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Most people chose a combination of above ways of trying to control. For example, you might be a caretaker in hopes of getting people to love and approve of you, and then you might turn to anger when that doesn’t happen. You might find yourself giving in to what people want to a certain extent, and then retreating or resisting their attempts to control you. You might find yourself being furious at someone’s attempts to control you, but then giving in anyway to avoid his or her upset with you. Or perhaps you are a mellow person until you drink, and then you unleash your rage. Or vice versa – you are nice only when you drink and you are a rageaholic rest of time. Or, on surface you might be a nice and giving person, all while pulling energetically for others’ love, attention, and approval.
All of these behaviors are intended to protect you from some form of pain – pain of rejection, of engulfment, of failure. Most people attempt in numerous ways to have control over getting love, avoiding pain, and feeling safe.
Yet it is these very behaviors that, as adults, are causing most of our pain. Anger feels terrible in body, as does compliance. Being stuck in procrastination or withdrawal also feels awful, as does emptiness of staying in your head instead of your heart. All these behaviors result in feeling alone inside, because they are all ways to abandon yourself. Controlling behavior is not loving to yourself or to others.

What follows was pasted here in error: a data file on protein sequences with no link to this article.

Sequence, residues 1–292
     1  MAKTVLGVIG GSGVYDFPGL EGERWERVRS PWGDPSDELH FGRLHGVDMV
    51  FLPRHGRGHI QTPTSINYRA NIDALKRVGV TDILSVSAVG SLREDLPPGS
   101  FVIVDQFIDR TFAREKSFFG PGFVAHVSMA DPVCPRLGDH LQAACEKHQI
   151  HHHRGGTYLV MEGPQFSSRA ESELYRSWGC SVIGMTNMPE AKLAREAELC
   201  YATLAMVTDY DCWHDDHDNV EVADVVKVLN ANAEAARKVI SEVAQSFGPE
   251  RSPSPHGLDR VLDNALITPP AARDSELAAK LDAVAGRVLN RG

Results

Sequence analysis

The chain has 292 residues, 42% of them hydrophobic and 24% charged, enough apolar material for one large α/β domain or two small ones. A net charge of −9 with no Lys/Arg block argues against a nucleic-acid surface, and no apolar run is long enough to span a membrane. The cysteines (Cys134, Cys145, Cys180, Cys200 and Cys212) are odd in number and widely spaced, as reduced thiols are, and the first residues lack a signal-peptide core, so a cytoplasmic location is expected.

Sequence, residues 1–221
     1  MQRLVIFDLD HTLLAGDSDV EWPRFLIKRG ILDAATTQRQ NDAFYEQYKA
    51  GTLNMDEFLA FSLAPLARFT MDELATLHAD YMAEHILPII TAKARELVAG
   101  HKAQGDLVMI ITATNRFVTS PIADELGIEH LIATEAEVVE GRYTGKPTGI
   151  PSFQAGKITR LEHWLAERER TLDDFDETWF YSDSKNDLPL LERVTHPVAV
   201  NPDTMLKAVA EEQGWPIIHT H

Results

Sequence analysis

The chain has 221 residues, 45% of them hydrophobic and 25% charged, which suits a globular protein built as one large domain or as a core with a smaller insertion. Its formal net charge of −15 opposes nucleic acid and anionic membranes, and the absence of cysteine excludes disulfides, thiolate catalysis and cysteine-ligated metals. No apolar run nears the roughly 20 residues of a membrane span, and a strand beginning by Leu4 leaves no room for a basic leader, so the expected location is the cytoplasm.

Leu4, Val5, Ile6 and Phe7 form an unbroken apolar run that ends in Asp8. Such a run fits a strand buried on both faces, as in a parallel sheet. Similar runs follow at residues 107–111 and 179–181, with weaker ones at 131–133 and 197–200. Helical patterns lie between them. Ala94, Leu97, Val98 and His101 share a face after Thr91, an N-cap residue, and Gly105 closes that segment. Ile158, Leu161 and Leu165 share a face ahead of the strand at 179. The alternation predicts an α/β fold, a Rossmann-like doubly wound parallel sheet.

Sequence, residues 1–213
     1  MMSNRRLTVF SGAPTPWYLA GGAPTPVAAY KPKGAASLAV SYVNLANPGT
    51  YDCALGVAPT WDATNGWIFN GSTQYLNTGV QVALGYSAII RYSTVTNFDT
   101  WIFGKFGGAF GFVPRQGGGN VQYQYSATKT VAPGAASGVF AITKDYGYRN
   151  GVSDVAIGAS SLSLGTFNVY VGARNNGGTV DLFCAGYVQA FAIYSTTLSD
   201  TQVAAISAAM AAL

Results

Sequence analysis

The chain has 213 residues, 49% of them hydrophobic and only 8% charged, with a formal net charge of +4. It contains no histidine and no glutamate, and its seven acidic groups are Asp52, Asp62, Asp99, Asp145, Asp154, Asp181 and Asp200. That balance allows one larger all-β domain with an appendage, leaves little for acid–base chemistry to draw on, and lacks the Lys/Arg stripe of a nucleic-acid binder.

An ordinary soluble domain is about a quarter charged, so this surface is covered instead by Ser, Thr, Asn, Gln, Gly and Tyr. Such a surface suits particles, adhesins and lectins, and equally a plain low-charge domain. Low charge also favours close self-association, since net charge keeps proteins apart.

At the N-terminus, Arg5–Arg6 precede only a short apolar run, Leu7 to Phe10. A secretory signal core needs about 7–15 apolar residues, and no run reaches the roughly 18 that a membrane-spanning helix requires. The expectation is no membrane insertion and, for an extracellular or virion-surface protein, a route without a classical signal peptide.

We’ve all heard that you can’t love others until you love yourself, and this is very true. Loving yourself means that your focus is on what is truly in your highest good – what fills your heart with peace and joy and a deep sense of integrity and self worth. Loving yourself means that you are asking throughout day, “What is in my highest good in this moment?” It is never in your highest good to try to control others or use them to fill your own emptiness. Nor is it in your highest good to harm yourself or others in any way.
Try practicing throughout day asking this question, “What is in my highest good right now?” Answers will come to you, and then you can take loving action. This one shift in your thinking can change your life!
Margaret Paul, Ph.D. is the best-selling author and co-author of eight books, including "Do I Have To Give Up Me To Be Loved By You?" She is the co-creator of the powerful Inner Bonding healing process. Visit her web site for a FREE Inner Bonding course: http://www.innerbonding.com or email her at firstname.lastname@example.org.